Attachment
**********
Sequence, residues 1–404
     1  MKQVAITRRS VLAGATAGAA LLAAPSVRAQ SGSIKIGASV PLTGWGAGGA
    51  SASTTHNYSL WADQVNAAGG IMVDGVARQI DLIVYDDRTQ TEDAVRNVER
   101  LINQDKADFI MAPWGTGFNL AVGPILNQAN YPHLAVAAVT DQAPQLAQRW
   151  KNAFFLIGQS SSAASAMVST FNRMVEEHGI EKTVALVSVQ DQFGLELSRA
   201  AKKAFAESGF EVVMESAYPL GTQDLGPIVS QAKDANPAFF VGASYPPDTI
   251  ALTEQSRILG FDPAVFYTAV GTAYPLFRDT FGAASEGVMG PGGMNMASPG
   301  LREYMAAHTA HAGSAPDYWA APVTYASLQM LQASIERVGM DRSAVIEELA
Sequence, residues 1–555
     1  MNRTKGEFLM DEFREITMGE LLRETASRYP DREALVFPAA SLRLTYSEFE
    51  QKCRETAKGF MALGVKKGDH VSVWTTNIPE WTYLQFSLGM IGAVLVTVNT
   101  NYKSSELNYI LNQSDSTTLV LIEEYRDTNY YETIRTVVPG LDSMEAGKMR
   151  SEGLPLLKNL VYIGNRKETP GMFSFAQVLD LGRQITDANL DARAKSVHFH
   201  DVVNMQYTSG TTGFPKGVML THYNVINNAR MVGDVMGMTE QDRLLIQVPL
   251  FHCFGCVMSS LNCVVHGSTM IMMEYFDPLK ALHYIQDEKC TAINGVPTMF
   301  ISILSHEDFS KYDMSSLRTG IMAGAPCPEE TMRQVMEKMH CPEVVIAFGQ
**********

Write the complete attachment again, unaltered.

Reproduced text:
Sequence, residues 1–404
     1  MKQVAITRRS VLAGATAGAA LLAAPSVRAQ SGSIKIGASV PLTGWGAGGA
    51  SASTTHNYSL WADQVNAAGG IMVDGVARQI DLIVYDDRTQ TEDAVRNVER
   101  LINQDKADFI MAPWGTGFNL AVGPILNQAN YPHLAVAAVT DQAPQLAQRW
   151  KNAFFLIGQS SSAASAMVST FNRMVEEHGI EKTVALVSVQ DQFGLELSRA
   201  AKKAFAESGF EVVMESAYPL GTQDLGPIVS QAKDANPAFF VGASYPPDTI
   251  ALTEQSRILG FDPAVFYTAV GTAYPLFRDT FGAASEGVMG PGGMNMASPG
   301  LREYMAAHTA HAGSAPDYWA APVTYASLQM LQASIERVGM DRSAVIEELA
Sequence, residues 1–555
     1  MNRTKGEFLM DEFREITMGE LLRETASRYP DREALVFPAA SLRLTYSEFE
    51  QKCRETAKGF MALGVKKGDH VSVWTTNIPE WTYLQFSLGM IGAVLVTVNT
   101  NYKSSELNYI LNQSDSTTLV LIEEYRDTNY YETIRTVVPG LDSMEAGKMR
   151  SEGLPLLKNL VYIGNRKETP GMFSFAQVLD LGRQITDANL DARAKSVHFH
   201  DVVNMQYTSG TTGFPKGVML THYNVINNAR MVGDVMGMTE QDRLLIQVPL
   251  FHCFGCVMSS LNCVVHGSTM IMMEYFDPLK ALHYIQDEKC TAINGVPTMF
   301  ISILSHEDFS KYDMSSLRTG IMAGAPCPEE TMRQVMEKMH CPEVVIAFGQ